Vol. 3 No. 18 | May 3, 2023
Annual Meeting Survey Leaderboard


No published opinions this week.

Dispositions Other than by Published Opinions

The Supreme Court of Oklahoma Court Calendar

The Supreme Court of Oklahoma is in session year round, unless otherwise noted. The Court regularly schedules conferences on Mondays and other days as needed.

Copy Of Annual Meeting Save The Date


Awards Nomination Period is Open

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The nomination period for OBA Awards and Ada Lois Sipuel Fisher Diversity Awards is open! For several decades, the Oklahoma Bar Association has proudly recognized lawyers who represent the best of the best in the legal profession and organizations that support our members and communitiesThe OBA Awards Committee and OBA Diversity Committee invite you to nominate individuals and entities to honor during the 2023 Annual Meeting, to be held Nov. 1-3 at the Skirvin Hilton Hotel in Oklahoma City. The deadline to submit general OBA Awards nominations is 5 p.m. Friday, June 30. The deadline for Diversity Awards nominations is Tuesday, Aug. 1, at 5 p.m. All nominations and supporting materials must be received by their corresponding deadlines. Submissions or supporting material received after the deadlines will not be considered.

The May Oklahoma Bar Journal focuses on the topic of "Oklahoma Legal History." The print version will arrive in your mailboxes soon. Check out the online publication now, featuring the following articles related to legal history in Oklahoma:

Injustice in Choctaw County: How a Largely Forgotten Oklahoma Trial Set Thurgood Marshall on a Path to Power
By Michael J. Davis

Skinner v. Oklahoma: How Two McAlester Lawyers Derailed Criminal Sterilization in America and the U.S. Supreme Court Invented ‘Strict Scrutiny’ as a Result
By Michael J. Davis

The Rediscovery of Indian Country in Eastern Oklahoma
By Conor P. Cleary

From the Ashes of Scandal Came Court Reform
By Bob Burke

The Evolution of Workers’ Compensation in Oklahoma
By Bob Burke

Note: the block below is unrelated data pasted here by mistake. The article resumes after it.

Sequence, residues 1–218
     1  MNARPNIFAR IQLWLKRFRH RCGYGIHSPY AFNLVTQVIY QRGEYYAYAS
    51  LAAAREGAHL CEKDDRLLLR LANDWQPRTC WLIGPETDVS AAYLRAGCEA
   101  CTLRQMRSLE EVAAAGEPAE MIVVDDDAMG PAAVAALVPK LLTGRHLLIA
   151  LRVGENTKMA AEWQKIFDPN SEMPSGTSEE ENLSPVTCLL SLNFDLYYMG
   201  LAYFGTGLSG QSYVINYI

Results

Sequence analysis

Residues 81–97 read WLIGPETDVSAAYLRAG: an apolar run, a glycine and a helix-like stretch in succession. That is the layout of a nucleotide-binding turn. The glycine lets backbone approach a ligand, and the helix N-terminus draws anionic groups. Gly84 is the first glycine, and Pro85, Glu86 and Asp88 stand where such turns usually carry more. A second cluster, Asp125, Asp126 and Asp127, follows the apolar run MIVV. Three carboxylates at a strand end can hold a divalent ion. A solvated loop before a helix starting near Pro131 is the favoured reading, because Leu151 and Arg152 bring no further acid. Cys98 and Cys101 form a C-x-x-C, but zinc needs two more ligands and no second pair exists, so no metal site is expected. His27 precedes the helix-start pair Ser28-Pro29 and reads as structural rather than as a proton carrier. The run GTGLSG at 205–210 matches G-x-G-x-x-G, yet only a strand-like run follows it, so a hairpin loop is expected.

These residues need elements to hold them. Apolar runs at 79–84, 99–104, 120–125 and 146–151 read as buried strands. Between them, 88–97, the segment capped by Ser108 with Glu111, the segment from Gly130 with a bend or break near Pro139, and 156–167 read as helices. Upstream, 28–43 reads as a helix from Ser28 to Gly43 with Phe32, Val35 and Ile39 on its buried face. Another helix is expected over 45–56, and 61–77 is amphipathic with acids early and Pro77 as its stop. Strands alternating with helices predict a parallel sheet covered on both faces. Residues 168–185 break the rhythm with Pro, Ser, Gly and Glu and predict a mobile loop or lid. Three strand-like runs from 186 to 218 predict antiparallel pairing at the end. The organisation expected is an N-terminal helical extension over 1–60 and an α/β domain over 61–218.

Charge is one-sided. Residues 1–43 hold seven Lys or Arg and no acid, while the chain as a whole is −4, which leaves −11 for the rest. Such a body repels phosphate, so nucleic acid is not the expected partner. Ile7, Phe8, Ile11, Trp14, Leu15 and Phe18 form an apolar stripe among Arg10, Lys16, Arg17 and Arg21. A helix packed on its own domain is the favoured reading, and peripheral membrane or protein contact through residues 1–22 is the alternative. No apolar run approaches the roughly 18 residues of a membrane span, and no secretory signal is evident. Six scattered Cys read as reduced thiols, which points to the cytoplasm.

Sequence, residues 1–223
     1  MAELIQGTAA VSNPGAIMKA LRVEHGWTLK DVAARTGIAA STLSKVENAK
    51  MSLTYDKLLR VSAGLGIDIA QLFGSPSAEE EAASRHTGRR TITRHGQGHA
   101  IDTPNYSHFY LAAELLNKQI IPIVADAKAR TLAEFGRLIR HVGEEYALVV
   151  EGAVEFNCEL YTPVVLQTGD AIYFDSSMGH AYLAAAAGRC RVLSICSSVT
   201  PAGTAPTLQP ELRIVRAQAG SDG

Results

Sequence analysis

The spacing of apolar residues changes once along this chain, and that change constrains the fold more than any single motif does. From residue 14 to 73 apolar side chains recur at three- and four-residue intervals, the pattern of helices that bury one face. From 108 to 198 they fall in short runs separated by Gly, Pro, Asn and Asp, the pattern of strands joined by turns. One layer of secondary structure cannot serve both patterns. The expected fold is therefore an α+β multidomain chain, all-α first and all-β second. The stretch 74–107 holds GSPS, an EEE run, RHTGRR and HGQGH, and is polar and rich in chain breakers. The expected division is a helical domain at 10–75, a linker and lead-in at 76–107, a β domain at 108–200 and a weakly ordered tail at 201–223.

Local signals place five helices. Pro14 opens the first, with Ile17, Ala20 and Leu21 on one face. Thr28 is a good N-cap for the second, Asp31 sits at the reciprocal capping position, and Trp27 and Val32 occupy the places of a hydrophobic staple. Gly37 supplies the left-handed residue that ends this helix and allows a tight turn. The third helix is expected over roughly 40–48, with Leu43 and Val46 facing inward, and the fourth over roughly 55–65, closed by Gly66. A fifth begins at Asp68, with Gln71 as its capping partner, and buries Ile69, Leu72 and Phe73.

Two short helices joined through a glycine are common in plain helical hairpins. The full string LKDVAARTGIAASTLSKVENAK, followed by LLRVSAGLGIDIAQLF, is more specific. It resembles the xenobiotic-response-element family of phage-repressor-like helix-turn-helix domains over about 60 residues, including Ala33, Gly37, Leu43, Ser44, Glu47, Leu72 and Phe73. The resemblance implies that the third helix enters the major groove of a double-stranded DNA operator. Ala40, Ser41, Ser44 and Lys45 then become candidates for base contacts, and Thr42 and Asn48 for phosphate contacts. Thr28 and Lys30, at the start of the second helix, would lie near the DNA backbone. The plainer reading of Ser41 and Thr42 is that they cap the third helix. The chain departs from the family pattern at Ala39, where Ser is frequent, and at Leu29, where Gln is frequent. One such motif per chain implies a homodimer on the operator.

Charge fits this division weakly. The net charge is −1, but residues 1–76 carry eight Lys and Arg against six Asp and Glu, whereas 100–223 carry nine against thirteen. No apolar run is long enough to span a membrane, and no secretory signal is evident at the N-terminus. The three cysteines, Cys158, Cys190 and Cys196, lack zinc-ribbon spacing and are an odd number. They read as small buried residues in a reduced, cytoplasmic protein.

The History and Impact of the Oklahoma Bar Foundation
By Renee DeMoss and Bob Burke

Mental Health Awareness Month

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May is Mental Health Awareness Month. According to the National Institute of Mental Health, nearly 1 in 5 Americans suffer from a mental illness such as mood disorders, anxiety, substance abuse or impulse control, to name a few. Attorneys and law school students are no exception. The American Bar Association published the results of a study on lawyer well-being and found 28% of lawyers and 17% of law school students suffer from depression; 19% of lawyers and 37% of law students reported having anxiety; 6% of law students and more than 11% of attorneys have had suicidal thoughts. Tulsa attorney Rhiannon K. Baker outlined why the legal profession is prone to these issues in this Oklahoma Bar Journal article.

This May, the National Alliance on Mental Illness is challenging us all to break the stigma surrounding mental health. By doing this, we create awareness and break down many of the barriers that allow us to get the support we may need. Fortunately, several resources are available for those who are struggling with any mental health issues, including Lawyers Helping Lawyers, NAMI Oklahoma and Mental Health Association Oklahoma. If you or someone you know are struggling with mental health issues or substance abuse, do not be afraid to reach out – you are not alone.

Solo Sponsor Spotlight: Oklahoma Association for Justice